374180 (S.S.A. 1996).
attitude with dysphoric mood and depressed affect. (Tr. 263). Claimant’s productivity, orientation,
and memory were normal. (Id.). She did report suicidal thoughts. (Id.).
The following month, Claimant was diagnosed with major depressive disorder (recurrent,
moderate) and panic disorder with agoraphobia, and was assessed with a GAF score of 55 (again,
indicating only moderate symptoms). (Tr. 257). Throughout the remainder of Claimant’s mental
health treatment, her GAF scores were repeatedly scored in the 55-60 range, indicating moderate,
nearly mild symptoms. The ALJ properly concluded this evidence belied Claimant’s contentions
that she was having very frequent hallucinations and was severely depressed. (See Tr. 271, 285,
288, 291, 295, 298). Moreover, by December 2008, Claimant reported a good mood, improved
energy, concentration, memory, focus and sleep, and her examination was essentially normal, except
for allegations of auditory hallucinations, which had decreased; her GAF score was assessed at 60,
indicating moderate, nearly mild symptoms. (Tr. 295). These generally moderate findings from
Mountain Lakes support the ALJ’s RFC findings. Therefore, the court concludes this substantial
evidence supports the ALJ’s RFC finding and determination that Claimant was not disabled.
Plaintiff Failed to Present Specific Arguments Regarding the Pain Standard.
Although Plaintiff provides a review of the pain standard in his brief (Pl’s Mem. 14), he fails
to make any specific, cognizable argument relating to that standard. Thus, Plaintiff has waived any
argument regarding the pain standard because Plaintiff has failed to present specific arguments with
regard to the ALJ’s application of the pain standard. Outlaw v. Barnhart, 197 Fed.Appx. 825, 828
n.3 (11th Cir. 2006) (holding that the claimant waived his argument that the ALJ erred in not
crediting his physical exertional impairments because, despite listing the issue in the statement of
issues, “he did not elaborate on this claim or provide authority about this claim.”); see also, N.L.R.B.
v. McClain of Georgia, Inc., 138 F.3d 1418, 1422, Rowe v. Schreiber, 139 F.3d 1381, 1382 n.1.
Alternatively, after review, the court concludes that the ALJ properly evaluated Claimant’s
pain allegations. The ALJ found that Claimant’s medically determinable impairments could not
reasonably be expected to cause her alleged symptoms. (Tr. 22). He also found her statements
regarding the intensity, persistence, and limiting effects of her symptoms credible only to the extent
they were consistent with his RFC finding. (Id.). And, he found that Claimant’s pain assertions
were simply inconsistent with the clinical evidence of record. (Tr. 23). The ALJ specifically noted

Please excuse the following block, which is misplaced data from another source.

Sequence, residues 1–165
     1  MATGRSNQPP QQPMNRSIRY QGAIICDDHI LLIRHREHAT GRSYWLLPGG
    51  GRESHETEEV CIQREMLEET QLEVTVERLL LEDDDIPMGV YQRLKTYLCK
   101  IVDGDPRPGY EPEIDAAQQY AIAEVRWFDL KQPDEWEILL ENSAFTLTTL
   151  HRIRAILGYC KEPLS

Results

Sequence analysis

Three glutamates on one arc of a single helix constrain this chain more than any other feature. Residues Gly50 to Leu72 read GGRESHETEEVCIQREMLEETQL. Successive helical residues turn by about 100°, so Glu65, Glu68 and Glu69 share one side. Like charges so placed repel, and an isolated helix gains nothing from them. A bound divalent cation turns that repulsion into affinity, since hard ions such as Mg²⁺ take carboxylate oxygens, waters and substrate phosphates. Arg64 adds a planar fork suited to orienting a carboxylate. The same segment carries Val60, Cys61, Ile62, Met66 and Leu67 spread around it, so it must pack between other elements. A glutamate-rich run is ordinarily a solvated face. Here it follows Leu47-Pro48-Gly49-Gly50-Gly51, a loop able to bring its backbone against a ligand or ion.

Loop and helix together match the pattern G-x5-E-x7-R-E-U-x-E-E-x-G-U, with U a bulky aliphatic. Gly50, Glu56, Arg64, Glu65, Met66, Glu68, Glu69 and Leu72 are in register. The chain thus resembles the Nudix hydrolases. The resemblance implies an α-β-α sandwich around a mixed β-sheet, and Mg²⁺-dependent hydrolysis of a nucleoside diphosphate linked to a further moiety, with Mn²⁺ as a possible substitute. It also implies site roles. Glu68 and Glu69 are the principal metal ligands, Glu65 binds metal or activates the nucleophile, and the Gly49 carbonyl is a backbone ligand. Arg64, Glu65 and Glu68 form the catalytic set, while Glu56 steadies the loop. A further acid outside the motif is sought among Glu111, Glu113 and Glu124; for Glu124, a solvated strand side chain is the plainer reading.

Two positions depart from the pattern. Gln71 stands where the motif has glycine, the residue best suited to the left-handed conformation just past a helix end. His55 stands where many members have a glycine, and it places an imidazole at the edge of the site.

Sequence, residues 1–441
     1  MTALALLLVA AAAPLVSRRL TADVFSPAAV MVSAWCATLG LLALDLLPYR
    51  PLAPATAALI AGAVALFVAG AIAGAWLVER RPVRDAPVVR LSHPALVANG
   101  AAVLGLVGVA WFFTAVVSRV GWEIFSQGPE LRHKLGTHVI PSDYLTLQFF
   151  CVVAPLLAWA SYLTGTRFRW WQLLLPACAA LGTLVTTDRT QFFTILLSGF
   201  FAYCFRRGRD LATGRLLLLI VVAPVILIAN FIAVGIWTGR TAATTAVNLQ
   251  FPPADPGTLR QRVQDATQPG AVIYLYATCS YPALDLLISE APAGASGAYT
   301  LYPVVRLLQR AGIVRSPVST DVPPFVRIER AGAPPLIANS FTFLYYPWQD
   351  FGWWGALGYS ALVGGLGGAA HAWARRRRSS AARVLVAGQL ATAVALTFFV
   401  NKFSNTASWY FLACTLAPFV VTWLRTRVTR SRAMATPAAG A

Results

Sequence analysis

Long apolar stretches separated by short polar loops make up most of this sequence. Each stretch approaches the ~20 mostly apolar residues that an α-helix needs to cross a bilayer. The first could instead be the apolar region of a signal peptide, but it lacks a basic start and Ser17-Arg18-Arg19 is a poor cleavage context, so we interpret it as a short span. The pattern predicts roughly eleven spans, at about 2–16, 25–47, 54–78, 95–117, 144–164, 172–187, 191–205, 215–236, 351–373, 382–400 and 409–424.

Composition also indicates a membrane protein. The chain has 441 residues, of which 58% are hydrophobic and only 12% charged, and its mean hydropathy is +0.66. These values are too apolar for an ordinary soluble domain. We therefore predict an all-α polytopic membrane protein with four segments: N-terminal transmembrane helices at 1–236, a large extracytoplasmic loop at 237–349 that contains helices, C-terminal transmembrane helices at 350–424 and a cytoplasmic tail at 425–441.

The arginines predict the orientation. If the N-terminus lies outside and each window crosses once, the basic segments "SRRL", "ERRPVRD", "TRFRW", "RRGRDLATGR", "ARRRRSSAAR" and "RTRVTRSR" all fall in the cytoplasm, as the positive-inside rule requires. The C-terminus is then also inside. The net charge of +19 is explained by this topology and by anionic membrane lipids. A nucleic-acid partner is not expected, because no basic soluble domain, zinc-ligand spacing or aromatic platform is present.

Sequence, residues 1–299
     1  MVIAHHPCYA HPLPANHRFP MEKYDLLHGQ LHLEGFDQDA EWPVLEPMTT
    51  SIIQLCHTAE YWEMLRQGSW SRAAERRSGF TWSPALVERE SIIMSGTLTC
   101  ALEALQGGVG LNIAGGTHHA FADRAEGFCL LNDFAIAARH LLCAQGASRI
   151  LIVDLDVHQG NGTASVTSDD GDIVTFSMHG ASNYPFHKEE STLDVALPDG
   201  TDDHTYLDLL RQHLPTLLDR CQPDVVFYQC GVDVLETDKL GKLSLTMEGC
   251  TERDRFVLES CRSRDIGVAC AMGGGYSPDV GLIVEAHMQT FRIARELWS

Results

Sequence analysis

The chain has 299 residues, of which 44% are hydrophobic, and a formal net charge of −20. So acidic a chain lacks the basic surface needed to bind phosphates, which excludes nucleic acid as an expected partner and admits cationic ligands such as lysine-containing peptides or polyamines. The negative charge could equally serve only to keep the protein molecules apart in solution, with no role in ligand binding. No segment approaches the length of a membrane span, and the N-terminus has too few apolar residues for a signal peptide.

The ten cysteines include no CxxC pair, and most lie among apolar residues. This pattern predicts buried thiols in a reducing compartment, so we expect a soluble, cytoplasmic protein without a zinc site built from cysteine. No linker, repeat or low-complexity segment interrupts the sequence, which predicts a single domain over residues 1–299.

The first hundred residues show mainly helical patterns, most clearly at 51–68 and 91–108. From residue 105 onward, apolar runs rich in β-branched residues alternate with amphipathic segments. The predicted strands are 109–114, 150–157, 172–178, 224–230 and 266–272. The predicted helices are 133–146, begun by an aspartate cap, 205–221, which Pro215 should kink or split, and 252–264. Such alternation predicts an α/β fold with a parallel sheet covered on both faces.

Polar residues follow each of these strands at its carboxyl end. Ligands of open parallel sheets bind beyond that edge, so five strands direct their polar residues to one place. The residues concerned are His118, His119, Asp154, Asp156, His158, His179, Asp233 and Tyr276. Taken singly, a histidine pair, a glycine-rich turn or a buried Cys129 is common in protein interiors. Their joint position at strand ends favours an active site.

that Claimant’s allegations of needing a walker and wheelchair were not consistent with the objective
evidence. (Tr. 22). The ALJ also cited Claimant’s repeatedly normal physical examinations,
findings of full strength and a lack of physical reasons for Claimant’s alleged lower extremity
weakness. (See Tr. 182-83, 185-87, 194-98, 300, 303, 305, 307-09, 311-12, 314, 317, 320, 324-26,
328, 334-35, 337-39, 378). He also noted the generally mild to normal diagnostic testing results she
received. (Tr. 213, 221, 223-24, 311, 313, 321-22, 334, 378, 382). The ALJ further found that
Claimant’s allegations of hallucinations unpersuasive. This finding is supported by the fact that
Mountain Lakes’ notes repeatedly assessed Claimant with GAF scores in the 50-60 range indicating
only moderate symptoms, as such scores would be unusual for an individual suffering regular
hallucinations.5 Moreover, Claimant’s examinations at Mountain Lakes repeatedly found no
hallucinations despite her reports to the contrary (Tr. 284, 287, 290, 295), and in October 2008,
though Claimant specifically reported visual and auditory hallucinations, the notes state that she did
Behavior that is considerably influenced by delusions or hallucinations is generally represented by GAF scores
between 21-30, not the 50-60 assigned to Claimant. See DSM-IV at 23.
not attend to internal stimuli and had no evidence of a thought disorder. (Tr. 290). Dr. Arnold also
found that Claimant had no overt pain indicators. (Tr. 239). Accordingly, the court concludes that
substantial evidence supports the ALJ’s finding that Claimant’s allegations were not fully credible.6
The court finds the Commissioner’s decision is supported by substantial evidence and that
proper legal standards were applied. Therefore, the ALJ’s decision is due to be affirmed. A separate
order in accordance with this memorandum of decision will be entered.
DONE and ORDERED this
day of March, 2013.
R. DAVID PROCTOR
UNITED STATES DISTRICT JUDGE
Plaintiff’s arguments about the propriety of considering Claimant’s activities of daily living (Pl.’s Br. at 14-15)
are off the mark as the ALJ did not rely on her activities of daily living to discount her credibility, but rather noted other
reasons supported by the record.